How are they doing….. part 4

Elianne made a request to write once about three residents of PCC she still remembers from the year 2000 (!)

in the Psychiatric Hospital of Accra.
That’s not less than 16 years ago, so a good reason for an update on Abena, Afia and Peace in part 4 of our columns “How are they doing….?”
For a long time Abena (also known as Ademodee) is our senior female resident and she also behaves that way.
She will only do what she likes to do, raises her loud voice on and off and her “Heeeey” will then sound over the whole compound.
Most of her days she spends in our Daycare and this proves to be quite OK for her.
She has two different poles. On the one side she like to be on her own, preferably sitting in front of the door of the Girls Dormitory looking on quietly to what’s happening, on the other side she makes contact on and off, e.g. with smaller children or with Afia whom she considers to be her younger sister and with others e.g. to show that she has a beautiful necklace, bracelet or ear ring or rather that it’s broken and she needs your help.
When she is in a bad temper you will not easily miss it because she will then refuse to eat or sometimes even undress herself.
But in general she has an even temper, being herself and enjoying life in PCC in a very quiet way.
She is one of our autistic residents with some mood swings. Most often she is quiet, very predictable and showing her beautiful, affable smile on and off while living in her own world, but sometimes she seems to be disturbed for no clear reason. She then can be unmanageable, refusing to walk, eat or whatever she is asked to do, just because she doesn’t like it and to get her out of such a mood is not an easy task!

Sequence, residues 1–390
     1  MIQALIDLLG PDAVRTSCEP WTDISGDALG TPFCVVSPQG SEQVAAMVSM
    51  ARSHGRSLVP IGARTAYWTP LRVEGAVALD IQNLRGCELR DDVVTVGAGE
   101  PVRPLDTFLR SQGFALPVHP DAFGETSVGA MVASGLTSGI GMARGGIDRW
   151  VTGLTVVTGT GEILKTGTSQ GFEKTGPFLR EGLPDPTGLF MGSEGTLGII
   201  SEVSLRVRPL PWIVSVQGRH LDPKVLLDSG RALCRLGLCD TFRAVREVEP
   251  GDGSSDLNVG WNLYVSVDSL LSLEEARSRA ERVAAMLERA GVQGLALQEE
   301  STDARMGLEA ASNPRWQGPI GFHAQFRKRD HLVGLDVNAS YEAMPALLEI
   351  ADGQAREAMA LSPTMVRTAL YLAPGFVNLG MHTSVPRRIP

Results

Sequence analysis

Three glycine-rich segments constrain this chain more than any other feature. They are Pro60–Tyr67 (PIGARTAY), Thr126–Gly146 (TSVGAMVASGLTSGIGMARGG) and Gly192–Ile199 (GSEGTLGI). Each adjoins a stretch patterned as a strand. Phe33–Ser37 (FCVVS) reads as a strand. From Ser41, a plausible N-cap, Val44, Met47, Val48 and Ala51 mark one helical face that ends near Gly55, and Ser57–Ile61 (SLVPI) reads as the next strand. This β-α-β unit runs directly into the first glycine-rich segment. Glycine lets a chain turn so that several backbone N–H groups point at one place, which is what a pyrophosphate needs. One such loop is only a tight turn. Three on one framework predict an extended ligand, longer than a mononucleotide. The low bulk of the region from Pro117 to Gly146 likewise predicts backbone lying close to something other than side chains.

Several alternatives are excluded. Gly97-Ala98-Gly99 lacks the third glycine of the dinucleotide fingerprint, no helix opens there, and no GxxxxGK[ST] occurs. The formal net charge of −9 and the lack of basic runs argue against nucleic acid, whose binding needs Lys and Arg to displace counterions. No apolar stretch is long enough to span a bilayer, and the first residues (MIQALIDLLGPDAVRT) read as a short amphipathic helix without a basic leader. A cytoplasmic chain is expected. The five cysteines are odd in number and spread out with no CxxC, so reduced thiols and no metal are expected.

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Usually she enjoys the quiet life and regularity at the Autism Table.
During parties she can be totally happy and blessed when heaving close to the Kofi Asare music group, totally at ease.
In 2000 Peace was only about 6 – 7 years old, in fact still a small boy.
Since then he has grown to an adult man in PCC, someone who prospers best when you allow him to go his own way. He is always searching for items that are important to him, like slippers (preferably 2 different ones from other people) and of course small stones, bottle caps or anything else he considers to be money…
He spends most of his days in the room for autistic residents too, where he likes to take a nap. Unfortunately he still gets regular epileptic seizures despite medication.
Sometimes he can demand your attention with some force by grabbing your arm (saying “dada, dada”) and pulling you for some time though it’s not always clear to you what he wants.
Overall one can say that the life of Peace in PCC is definitely conveniently arranged and “peaceful” and so he flourishes.
Stories of 3 PCC residents who each on their own way enjoy life in our Community for over 15 years now.
We are very happy and grateful that PCC could make a difference in their lives.
Would you also like to know more about the development of one of our residents? Send me your request by email and who knows you will soon find the answer to your question in one of the next columns in this series!
Please send your requests for updates and pictures of other children to:
[email protected]